Today, I’m setting off on a journey toward the nearest black hole. But don’t worry – I’ll keep you in the know by live-streaming my entire adventure! I’ll have someone to talk to during the flight, and he can help me if things get really tough! My travel buddy’s name is Liam. Liam is a robot with artificial intelligence.
Space distances are seriously long. That’s why traveling there would take way more time than you’d like to spend on the road! For example, Voyager 1, a space probe launched in 1977, was traveling out of the Solar System at a speed of 40,000 miles per hour. If my spacecraft moved at the same speed, it would take me a whole 77,000 years to get to the nearest star! But luckily, my spaceship is much faster than that. So let the journey begin!
Other videos you might like:
The Solar System Is Not Like You Think It Is https://www.youtube.com/watch?v=-FvpAe3MacM&
The Alien Signals Mystery Might Have Been Solved
A Mysterious Object Punched a Hole in the Milky Way, Scientists Are Confused https://www.youtube.com/watch?v=_iJsEdhFgzc&
The most expensive single object in the world 1:28
Low and high satellites 2:29
240,000 miles away from Earth 3:22
What an astronomic unit is 4:33
Outside of the Solar System ☀️ 6:28
The point of no return 7:18
Goodbye, Liam! 8:03
#space #blackhole #brightside
– The International Space Station is the most expensive single object in the world. This money would buy you 250 Boeing 747s or two Louvre’s with all the paintings and artwork inside!
– Among satellites, there are low and high flyers. And while the lowest flying ones move approximately 1,250 miles away from Earth, the highest reach 22,000 miles into space.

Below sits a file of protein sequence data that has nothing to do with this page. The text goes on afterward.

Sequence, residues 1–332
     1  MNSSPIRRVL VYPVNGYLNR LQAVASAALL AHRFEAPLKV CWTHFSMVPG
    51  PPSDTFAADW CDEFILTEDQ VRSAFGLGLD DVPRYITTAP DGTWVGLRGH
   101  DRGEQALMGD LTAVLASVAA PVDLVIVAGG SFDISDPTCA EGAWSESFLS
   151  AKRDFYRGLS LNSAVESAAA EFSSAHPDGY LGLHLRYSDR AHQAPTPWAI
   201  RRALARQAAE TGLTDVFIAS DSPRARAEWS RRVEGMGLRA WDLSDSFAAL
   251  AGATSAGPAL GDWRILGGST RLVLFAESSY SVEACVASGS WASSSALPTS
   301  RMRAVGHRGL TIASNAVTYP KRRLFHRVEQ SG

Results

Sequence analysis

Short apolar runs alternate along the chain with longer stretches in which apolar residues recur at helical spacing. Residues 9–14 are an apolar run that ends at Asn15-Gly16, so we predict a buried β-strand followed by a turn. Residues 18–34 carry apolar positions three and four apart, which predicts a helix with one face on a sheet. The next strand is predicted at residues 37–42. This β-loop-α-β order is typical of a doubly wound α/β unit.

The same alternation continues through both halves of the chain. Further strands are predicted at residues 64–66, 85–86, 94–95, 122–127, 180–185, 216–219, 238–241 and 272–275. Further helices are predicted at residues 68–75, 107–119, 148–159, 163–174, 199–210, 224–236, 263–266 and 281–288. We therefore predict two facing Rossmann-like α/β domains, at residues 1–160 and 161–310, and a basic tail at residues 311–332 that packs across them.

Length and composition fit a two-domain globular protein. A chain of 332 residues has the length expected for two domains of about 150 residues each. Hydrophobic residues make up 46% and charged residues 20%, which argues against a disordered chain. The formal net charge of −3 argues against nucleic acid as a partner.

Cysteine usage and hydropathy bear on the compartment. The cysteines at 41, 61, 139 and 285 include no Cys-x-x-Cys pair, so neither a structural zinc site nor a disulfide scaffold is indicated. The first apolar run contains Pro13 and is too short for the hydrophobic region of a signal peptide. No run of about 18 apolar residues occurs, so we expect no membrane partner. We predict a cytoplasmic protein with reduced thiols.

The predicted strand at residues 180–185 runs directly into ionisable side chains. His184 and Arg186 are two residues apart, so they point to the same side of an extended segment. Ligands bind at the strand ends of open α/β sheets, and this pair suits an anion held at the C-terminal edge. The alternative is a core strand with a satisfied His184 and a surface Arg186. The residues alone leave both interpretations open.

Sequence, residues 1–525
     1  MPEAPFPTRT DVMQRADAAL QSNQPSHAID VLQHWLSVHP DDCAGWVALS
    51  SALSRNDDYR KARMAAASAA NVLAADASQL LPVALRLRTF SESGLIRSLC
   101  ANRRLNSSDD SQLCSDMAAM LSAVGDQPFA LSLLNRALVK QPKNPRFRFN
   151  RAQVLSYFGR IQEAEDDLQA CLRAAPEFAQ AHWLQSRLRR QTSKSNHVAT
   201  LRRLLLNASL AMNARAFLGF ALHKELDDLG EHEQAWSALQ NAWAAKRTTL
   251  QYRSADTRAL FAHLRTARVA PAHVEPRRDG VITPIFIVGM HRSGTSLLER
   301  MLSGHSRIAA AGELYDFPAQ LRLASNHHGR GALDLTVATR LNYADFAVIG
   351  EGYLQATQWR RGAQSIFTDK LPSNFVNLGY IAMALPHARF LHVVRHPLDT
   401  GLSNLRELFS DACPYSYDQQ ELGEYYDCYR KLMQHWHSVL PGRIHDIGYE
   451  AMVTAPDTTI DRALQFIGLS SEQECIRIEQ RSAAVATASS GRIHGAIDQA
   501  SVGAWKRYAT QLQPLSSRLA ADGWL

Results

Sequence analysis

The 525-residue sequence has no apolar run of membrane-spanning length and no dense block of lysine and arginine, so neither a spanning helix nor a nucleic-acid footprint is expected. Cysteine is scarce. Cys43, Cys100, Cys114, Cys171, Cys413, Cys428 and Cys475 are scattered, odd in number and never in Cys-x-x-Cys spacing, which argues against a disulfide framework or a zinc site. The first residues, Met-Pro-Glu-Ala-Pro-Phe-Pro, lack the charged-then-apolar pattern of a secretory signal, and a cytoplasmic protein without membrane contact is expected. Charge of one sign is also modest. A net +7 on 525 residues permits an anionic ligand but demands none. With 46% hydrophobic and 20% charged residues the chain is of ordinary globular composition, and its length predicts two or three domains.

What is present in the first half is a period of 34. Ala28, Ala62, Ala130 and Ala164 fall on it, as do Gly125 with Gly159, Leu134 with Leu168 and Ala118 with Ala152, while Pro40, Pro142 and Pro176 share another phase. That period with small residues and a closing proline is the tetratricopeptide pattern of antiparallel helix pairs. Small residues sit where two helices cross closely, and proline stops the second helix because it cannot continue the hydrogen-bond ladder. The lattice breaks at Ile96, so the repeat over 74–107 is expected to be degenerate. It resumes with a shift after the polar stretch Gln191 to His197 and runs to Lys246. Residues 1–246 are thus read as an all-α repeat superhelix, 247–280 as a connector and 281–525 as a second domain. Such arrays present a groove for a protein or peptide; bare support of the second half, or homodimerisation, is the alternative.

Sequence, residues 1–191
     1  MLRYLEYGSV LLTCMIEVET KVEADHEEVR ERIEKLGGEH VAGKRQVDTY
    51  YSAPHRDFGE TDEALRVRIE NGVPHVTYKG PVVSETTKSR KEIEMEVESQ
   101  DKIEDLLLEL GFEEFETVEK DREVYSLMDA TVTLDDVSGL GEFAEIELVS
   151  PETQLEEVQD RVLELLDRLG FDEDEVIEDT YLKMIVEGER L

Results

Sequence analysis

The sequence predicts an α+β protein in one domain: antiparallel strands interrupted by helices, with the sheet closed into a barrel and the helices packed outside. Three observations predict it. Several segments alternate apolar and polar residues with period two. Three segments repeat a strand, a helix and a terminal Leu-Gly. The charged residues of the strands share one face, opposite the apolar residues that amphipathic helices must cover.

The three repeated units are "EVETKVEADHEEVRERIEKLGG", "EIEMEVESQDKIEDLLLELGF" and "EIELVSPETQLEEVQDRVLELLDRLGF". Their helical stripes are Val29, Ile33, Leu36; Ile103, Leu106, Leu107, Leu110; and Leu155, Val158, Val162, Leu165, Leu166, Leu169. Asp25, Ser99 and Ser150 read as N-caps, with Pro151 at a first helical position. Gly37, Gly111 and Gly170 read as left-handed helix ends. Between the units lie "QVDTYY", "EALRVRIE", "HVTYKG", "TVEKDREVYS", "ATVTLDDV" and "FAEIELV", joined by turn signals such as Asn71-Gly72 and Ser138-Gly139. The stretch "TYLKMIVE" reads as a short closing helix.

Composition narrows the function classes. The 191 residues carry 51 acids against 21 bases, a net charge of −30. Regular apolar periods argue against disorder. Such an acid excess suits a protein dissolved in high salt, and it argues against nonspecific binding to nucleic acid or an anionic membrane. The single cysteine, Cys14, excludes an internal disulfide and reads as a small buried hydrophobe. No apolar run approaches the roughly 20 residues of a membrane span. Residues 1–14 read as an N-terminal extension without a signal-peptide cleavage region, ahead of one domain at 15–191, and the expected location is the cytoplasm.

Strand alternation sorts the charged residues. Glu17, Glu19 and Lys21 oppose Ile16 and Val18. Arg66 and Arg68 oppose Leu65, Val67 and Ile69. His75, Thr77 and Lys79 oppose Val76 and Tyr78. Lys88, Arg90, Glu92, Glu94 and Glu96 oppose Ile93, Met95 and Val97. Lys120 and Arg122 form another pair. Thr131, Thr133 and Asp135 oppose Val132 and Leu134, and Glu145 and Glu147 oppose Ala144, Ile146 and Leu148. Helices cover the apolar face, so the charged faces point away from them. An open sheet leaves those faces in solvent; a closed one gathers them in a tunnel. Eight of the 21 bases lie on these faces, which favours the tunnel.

– Space distances are so vast, you can’t even calculate them in miles. That’s why scientists use the term “astronomic unit,” which equals 93 million miles – the distance from the sun to Earth. That means I’m 9.3 billion miles away from our planet!
– There’s another trial ahead – the Oort Cloud. That means two things: first – we’re on the outskirts of the Solar System; and second – we’ll have to get through a cloud of icy objects orbiting the Sun at a distance of a 100,000 astronomic units!
– We’re heading out of the Solar System just one-tenth of a light-year later. By the way, if you were trying to reach this point by car, the trip would take you more than 19 million years.
– In the center of pretty much every galaxy, there’s a supermassive black hole. For example, one is sitting right at the heart of our Milky Way galaxy, about 27,000 light-years away from Earth.
– A black hole is an eerie place where those laws of physics we studied at school stop working. If a massive star runs out of its star fuel, it becomes super-dense and buckles under its own weight, collapsing inward and bringing space-time along.
– I won’t go further than the horizon, aka the point of no return. Once an object crosses this invisible line, it can’t turn back, even if it’s changed its mind.
– Liam says he’s ready to start his journey. There he goes, bravely plunging toward the black hole while I’m recording everything that’s happening to him.
– Liam just froze, as if a gigantic finger has pressed a pause button, and now, some force is stretching him thinner and thinner!
– It’s the infamous spaghettification, which happens in a super-strong non-homogenous gravitational field!
– Liam is in a state of free-fall now, and feels no more stretching, scalding radiation, or gravity. Unfortunately, the connection is lost, and he can’t tell me anything about the inside of the black hole.
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